Distractions a bigger danger to young drivers than previously thought

Distractions, like using phones and even chatting with passengers, pose a far greater risk to young drivers than previously thought, according to new research.

In an analysis of nearly 1,700 videos that capture the actions of teenage drivers moments before a crash, the AAA Foundation for Traffic Safety found that distractions were a factor in nearly 6 in 10 crashes.

According to the Foundation, this number is four times the rate proposed in previous official estimates, which were based on reports from police who had arrived at the scene.

Distractions involved in 58 per cent of crashes

Researchers rarely have access to crash videos that clearly show what drivers were doing in the moments leading up to an accident, making this new study almost unique.

The analysis shows that driver distraction was a factor in 58 per cent of crashes, with the most common forms of distraction talking with passengers or using a mobile phone at the wheel.

Other distractions observed in the videos included drivers taking their eyes off the road, even momentarily, plus singing or dancing to music or reaching for an object inside the car.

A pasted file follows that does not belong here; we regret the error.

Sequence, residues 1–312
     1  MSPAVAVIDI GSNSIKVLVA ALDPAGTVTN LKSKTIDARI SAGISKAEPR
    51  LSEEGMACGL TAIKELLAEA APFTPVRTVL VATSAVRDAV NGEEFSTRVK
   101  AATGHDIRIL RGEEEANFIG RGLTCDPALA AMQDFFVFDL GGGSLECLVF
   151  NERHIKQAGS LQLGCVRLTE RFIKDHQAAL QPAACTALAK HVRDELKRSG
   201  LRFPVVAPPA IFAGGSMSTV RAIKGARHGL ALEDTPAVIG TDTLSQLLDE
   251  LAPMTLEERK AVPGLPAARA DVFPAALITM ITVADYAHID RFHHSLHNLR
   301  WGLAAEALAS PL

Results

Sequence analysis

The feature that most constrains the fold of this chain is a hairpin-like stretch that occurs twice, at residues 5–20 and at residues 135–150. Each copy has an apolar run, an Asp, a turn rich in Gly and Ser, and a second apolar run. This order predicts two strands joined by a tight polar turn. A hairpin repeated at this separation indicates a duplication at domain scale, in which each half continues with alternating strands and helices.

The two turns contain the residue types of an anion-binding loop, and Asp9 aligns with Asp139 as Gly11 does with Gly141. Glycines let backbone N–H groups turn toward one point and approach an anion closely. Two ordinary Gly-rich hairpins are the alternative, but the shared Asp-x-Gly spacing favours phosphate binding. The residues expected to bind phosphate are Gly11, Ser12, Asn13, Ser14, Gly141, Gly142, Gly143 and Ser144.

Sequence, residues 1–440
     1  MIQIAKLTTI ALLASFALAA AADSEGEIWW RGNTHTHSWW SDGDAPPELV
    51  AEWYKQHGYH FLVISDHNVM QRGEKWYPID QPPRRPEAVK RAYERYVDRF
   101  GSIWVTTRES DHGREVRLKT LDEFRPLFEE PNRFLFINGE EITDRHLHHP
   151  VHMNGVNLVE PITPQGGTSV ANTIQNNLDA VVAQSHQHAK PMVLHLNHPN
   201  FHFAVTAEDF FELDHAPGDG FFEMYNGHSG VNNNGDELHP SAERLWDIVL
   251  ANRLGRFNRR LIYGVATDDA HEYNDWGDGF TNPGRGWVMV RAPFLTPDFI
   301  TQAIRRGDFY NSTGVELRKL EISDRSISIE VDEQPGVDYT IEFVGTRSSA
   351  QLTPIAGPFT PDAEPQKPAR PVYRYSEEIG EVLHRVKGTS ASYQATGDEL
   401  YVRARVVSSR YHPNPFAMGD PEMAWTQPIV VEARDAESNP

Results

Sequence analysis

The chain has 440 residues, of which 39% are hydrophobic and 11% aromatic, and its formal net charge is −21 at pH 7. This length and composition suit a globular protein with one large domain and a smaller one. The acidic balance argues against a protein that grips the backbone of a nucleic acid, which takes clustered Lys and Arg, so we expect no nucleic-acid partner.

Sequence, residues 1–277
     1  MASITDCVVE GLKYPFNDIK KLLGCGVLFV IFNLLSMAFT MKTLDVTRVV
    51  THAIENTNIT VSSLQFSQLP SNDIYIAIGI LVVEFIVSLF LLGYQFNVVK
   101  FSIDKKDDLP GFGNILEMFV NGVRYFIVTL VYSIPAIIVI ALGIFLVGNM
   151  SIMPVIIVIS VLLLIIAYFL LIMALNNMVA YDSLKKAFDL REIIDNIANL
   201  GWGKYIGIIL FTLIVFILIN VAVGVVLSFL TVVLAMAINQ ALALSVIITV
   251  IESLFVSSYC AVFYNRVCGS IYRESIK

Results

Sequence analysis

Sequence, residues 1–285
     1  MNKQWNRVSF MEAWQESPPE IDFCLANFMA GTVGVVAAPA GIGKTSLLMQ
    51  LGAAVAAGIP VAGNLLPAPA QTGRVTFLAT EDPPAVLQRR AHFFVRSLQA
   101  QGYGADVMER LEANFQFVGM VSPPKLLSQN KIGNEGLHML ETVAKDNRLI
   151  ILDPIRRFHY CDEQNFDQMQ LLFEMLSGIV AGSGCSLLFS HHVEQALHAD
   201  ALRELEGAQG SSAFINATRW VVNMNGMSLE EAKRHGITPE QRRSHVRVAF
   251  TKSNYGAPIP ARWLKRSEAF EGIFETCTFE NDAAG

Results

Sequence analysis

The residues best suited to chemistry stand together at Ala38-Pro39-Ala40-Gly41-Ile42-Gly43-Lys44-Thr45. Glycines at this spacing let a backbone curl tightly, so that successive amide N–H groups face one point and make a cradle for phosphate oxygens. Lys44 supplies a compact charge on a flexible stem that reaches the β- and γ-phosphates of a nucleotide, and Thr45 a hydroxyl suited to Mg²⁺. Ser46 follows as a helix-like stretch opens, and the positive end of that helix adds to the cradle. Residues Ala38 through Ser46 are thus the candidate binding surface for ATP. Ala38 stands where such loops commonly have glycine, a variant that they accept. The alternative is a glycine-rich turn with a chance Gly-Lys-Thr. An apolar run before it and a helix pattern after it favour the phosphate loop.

Peter Kissinger, the foundation’s president and CEO, said that the videos provide “indisputable evidence that teen drivers are distracted in a much greater percentage of crashes than we previously realised”.

Previous research undertaken has shown that younger drivers with multiple passengers are the most likely to have accidents, though interestingly the opposite is the case for adults and older drivers.

Studies have found that, for older drivers especially, having passengers in the car with extra sets of eyes on the road can actually improve the driver’s attention to the road and increase safety.

The study found that young drivers using mobile devices had their eyes off the road for an average of 4.1 seconds out of the final six seconds leading up to a crash, leaving little time to react.

In fact, researchers also showed that reaction times while distracted were so slow, that more than half of younger drivers distracted before an impact made no effort to brake or steer away at all.

Third of British youngsters take selfies at the wheel

Research from Ford last summer revealed that as many as a third of young British drivers aged between 18 and 24 have used their phones to take selfies behind the wheel while driving.

The survey, which collated data from 7,000 smartphone users aged between 18 and 24 across Europe, also showed that a quarter of European drivers had used social media sites while driving.

According to the data, such behaviour is worse amongst young British people than any other European country surveyed, with male drivers being the worst offenders.